Letters: 09/06

Gear Up Costs
I read your article “What a Gear-up Costs” with some interest, since I happen to fly an older Baron very similar to the one featured in some of the pictures with the article.

I think there’s another possible cost of a gear-up that might need to be considered-losing the airplane if the insurance company opts to total it after a gear-up.

I have read articles in the past about how insurance companies make this decision and as our airplanes get older, I expect that it will become more of an issue. As an example, the caption for the lead photo in the article says that repair costs for a twin could reach $100,000. Thats about what my airplane is currently insured for!

Thus, it seems likely that if I ever make a gear-up in my Baron, itll be the last time I get to fly it. The next trip will be to the salvage yard.

Richard Lindsey
Memphis, Tennessee


MAPA Ownership
Your article in the July 2006 issue on Pre-201 Mooney M20s was we’ll written and researched and contained some interesting and not widely known information about these wonderful little airplanes. One small point that should be corrected is the mention of the Mooney Aircraft Pilots Association being “partly sponsored by Mooney and Falcon Insurance.”

MAPA was founded in 1972 by Mark and Bobbie Harris, who still retain ownership of its parent company, Association Management, Inc. (AMI). When health issues forced Mark from day-to-day management of MAPA, he formed AMI, along with two other investors, in order to assure that the association would continue to support and serve its members regardless of his involvement.

While the Mooney Airplane Company does support MAPA and MAPA members in a non-financial manner through technical efforts, it has no ownership or management responsibility with the association.

Falcon Insurance Agency is an advertiser in and editorial contributor to our monthly magazine the MAPA LOG, but also has no financial interest in the association.

Trey Hughes
Mooney Aircraft Pilots Association


Chelton Follow Up
Nice work on the article on Chelton FlightLogic; it was well-researched, quite accurate and I appreciate your forthrightness. I do want to address one of your comments, however. You noted that our heading scale across the top of the display was a “throwback to the age of the ancient magnetic compass…”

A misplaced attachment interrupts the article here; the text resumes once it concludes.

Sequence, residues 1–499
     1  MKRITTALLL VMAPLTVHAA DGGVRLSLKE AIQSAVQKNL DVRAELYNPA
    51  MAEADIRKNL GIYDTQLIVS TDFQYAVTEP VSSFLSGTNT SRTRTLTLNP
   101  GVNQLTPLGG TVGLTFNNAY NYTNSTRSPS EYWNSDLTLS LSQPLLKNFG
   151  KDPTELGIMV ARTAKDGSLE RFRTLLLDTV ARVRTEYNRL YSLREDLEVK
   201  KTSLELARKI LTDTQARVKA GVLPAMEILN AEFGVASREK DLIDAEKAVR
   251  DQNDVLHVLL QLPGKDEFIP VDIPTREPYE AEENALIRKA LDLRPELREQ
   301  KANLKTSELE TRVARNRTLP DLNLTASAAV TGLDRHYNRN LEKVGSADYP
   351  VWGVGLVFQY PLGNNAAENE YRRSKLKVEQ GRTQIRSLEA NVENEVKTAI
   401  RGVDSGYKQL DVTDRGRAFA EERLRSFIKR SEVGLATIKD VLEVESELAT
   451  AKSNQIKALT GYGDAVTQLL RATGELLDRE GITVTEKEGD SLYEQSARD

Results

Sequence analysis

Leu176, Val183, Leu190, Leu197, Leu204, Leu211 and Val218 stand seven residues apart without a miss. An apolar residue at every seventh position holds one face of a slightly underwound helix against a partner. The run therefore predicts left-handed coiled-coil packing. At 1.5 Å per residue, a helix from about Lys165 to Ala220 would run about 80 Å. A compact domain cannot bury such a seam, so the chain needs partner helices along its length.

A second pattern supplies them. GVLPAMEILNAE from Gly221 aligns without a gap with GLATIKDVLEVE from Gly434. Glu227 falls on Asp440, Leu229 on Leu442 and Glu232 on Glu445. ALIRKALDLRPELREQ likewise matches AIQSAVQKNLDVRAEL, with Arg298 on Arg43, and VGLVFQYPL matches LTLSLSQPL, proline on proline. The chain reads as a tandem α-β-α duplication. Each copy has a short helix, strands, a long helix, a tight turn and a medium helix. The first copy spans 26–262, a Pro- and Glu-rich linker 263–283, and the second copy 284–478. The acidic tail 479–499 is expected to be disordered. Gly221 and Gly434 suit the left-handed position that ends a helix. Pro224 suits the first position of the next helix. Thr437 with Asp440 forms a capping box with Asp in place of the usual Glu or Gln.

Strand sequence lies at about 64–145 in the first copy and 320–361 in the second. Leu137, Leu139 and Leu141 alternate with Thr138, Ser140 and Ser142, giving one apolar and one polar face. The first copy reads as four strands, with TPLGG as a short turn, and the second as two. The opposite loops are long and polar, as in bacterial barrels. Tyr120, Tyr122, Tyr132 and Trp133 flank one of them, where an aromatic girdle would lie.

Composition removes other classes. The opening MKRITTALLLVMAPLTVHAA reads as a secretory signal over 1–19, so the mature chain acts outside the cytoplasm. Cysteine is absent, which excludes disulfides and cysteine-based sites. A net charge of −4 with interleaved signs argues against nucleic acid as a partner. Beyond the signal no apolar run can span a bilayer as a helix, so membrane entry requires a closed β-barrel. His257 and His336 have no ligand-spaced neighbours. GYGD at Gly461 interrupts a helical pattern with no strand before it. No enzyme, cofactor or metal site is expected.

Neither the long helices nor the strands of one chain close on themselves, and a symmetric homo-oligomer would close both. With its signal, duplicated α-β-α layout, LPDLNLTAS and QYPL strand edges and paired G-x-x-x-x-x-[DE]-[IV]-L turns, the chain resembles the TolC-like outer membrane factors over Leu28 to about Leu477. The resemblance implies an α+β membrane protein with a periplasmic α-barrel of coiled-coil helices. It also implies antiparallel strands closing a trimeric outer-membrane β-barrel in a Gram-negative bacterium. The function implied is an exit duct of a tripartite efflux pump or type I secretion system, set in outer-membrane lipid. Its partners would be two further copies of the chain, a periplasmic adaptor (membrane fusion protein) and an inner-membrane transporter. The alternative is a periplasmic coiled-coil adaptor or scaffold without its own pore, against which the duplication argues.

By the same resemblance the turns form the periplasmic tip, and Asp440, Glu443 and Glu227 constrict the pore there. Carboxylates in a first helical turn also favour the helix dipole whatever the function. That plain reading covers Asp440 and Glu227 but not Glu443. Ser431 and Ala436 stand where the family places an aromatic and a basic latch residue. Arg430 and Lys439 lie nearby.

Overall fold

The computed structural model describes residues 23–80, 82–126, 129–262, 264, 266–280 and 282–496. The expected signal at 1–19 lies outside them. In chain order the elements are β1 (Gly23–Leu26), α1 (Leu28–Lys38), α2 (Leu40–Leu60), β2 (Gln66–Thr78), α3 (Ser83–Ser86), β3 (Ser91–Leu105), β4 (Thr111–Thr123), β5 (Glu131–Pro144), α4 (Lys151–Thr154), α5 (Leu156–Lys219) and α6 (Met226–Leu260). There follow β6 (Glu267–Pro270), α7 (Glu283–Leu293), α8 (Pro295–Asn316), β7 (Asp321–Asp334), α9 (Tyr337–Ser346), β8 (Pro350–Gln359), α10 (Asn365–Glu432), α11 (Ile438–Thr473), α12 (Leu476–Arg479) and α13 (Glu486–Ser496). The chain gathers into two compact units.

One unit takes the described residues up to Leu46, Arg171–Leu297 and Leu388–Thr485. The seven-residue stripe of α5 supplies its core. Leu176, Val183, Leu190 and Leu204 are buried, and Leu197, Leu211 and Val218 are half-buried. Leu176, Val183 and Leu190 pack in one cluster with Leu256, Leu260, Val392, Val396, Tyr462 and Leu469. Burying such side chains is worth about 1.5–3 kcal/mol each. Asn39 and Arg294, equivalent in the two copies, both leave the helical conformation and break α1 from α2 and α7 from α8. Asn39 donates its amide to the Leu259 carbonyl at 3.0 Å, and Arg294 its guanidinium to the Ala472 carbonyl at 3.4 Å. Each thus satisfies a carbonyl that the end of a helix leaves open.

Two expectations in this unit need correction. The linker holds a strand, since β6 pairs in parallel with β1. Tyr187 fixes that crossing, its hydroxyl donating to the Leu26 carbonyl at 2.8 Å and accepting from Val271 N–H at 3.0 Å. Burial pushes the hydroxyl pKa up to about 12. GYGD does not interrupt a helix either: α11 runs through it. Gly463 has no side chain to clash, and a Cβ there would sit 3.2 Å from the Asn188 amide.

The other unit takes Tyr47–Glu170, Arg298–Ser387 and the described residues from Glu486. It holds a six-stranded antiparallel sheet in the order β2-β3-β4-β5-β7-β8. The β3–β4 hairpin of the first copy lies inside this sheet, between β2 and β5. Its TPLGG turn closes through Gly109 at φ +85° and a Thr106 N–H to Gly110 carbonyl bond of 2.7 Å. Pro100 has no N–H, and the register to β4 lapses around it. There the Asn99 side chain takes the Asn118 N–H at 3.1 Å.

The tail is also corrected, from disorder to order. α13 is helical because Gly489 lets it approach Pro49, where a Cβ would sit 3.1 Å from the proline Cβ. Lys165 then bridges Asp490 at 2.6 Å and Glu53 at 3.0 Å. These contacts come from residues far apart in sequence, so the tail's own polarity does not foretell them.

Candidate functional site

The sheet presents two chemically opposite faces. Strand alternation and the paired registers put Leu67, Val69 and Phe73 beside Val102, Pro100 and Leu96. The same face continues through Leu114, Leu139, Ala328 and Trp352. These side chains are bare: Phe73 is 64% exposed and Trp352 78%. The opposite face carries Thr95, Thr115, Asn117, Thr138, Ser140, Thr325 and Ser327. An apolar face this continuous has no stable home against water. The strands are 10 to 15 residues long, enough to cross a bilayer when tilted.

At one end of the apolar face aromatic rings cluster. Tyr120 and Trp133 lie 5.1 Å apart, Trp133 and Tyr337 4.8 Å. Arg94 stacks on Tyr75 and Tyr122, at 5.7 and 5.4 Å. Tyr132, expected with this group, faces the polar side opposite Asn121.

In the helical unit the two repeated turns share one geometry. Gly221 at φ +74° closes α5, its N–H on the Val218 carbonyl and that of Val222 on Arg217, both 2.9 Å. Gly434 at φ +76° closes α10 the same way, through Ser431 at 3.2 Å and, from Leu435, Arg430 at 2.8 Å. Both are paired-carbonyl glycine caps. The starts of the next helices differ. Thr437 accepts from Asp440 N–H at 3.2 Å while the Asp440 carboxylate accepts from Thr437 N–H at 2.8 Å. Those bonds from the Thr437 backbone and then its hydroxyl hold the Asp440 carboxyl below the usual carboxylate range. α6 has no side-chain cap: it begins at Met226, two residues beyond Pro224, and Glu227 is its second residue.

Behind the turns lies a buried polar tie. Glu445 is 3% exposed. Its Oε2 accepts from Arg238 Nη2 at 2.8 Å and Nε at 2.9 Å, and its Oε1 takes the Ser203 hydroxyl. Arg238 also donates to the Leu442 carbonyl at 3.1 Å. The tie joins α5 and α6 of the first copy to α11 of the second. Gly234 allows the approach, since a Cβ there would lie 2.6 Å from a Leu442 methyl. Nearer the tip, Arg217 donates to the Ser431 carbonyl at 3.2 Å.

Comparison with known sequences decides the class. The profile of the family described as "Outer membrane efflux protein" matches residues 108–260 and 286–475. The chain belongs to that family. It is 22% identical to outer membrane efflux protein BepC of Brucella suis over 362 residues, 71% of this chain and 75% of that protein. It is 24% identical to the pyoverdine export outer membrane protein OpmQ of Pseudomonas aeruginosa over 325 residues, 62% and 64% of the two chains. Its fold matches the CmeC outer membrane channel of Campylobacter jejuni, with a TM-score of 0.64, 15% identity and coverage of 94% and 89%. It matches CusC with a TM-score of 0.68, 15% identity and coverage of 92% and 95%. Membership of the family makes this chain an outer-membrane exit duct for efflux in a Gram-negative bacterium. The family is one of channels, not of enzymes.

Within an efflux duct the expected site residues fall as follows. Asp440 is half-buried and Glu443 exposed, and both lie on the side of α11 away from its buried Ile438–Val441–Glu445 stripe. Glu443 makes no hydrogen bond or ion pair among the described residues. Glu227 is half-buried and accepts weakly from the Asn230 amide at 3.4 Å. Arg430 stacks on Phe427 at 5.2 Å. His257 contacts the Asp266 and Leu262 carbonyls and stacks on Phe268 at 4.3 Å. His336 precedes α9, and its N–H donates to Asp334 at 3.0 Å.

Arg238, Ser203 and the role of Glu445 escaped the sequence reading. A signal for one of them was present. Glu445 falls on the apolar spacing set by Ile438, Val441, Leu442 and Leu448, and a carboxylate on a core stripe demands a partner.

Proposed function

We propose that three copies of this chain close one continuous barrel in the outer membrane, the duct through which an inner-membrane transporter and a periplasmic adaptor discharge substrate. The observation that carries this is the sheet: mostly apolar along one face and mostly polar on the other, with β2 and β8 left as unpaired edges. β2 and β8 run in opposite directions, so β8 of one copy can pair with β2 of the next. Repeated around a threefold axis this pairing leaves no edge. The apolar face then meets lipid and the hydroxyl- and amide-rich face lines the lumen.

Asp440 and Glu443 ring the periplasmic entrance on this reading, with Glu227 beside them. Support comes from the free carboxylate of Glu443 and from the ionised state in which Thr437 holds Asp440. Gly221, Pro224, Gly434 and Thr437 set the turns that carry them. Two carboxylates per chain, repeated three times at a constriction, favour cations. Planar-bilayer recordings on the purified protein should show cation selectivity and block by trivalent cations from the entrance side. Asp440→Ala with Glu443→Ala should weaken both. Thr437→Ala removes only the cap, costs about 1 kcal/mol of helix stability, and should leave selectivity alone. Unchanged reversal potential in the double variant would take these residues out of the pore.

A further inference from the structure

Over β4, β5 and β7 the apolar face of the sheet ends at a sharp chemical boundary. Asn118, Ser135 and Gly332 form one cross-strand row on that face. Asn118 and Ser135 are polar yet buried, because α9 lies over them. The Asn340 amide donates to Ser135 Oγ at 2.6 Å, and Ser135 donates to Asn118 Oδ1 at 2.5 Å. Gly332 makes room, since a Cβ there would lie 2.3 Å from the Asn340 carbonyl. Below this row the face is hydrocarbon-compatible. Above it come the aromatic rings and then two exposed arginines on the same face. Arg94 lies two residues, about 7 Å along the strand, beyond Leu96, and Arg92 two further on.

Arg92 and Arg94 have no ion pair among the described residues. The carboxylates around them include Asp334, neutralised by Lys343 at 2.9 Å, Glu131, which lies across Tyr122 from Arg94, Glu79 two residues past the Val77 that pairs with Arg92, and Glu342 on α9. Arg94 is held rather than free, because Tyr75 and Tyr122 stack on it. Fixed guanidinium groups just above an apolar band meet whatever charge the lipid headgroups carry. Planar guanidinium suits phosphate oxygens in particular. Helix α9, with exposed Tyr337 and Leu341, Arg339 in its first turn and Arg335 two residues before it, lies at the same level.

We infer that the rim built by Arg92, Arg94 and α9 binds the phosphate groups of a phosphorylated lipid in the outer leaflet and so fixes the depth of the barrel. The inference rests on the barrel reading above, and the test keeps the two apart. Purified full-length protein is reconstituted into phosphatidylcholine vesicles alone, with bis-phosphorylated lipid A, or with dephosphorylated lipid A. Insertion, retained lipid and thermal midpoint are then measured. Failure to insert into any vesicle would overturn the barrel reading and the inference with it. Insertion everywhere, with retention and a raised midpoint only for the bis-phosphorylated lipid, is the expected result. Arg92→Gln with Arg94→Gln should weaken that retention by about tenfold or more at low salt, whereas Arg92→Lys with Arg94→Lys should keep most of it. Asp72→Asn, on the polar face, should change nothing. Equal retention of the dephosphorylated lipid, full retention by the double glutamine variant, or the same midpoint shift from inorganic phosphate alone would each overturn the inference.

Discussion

We display heading in a tape across the top because this is standard HUD symbology that, in conjunction with the pitch scale, creates a grid against which the pilot can estimate the position of elements in the outside world with correspondence to the same elements displayed on the screen. You will notice that the heading and pitch scales match in their resolution or pixels per degree-10 degrees of pitch equals 10 degrees of heading.

For example, traffic, the top of an antenna or a mountain peak appearing 20 degrees left of the heading pointer (referenced up to the heading scale) and 5 degrees above the horizon (referenced laterally to the pitch scale) will appear at the same coordinates out the window of the aircraft. This works for navigation symbols (waypoint “hoops”) as well.

If the heading is displayed in a conventional “Basic-T” configuration, as on the Garmin and Avidyne products, this correlation of objects on the screen and objects outside ahead of the aircraft is not possible. However, since they don’t display elements on the screen that correlate to the outside world, this is irrelevant to their products.

Since our objective is “what you see is what you get,” we have to use the HUD symbology that has been developed to correlate with a view beyond it. A synthetic vision display without this symbology arrangement would deprive the pilot of the “one-to-one” correlation or “conformity” benefit.

Im glad you mentioned product support in your article and give it attention in your reviews in general.

Product support is so important, in my opinion, that it can overshadow great technology. To ensure that we remain in the lead from a support standpoint, as we do from a technology standpoint, we recently created a new vertical product support division within our company that is dedicated to service after the sale. This includes a Vice President at the top, technical publications, 24/7 technical support, warranty and repair, dealer training, customer flight training and AOG logistics.

Gordon Pratt
Chelton Flight Systems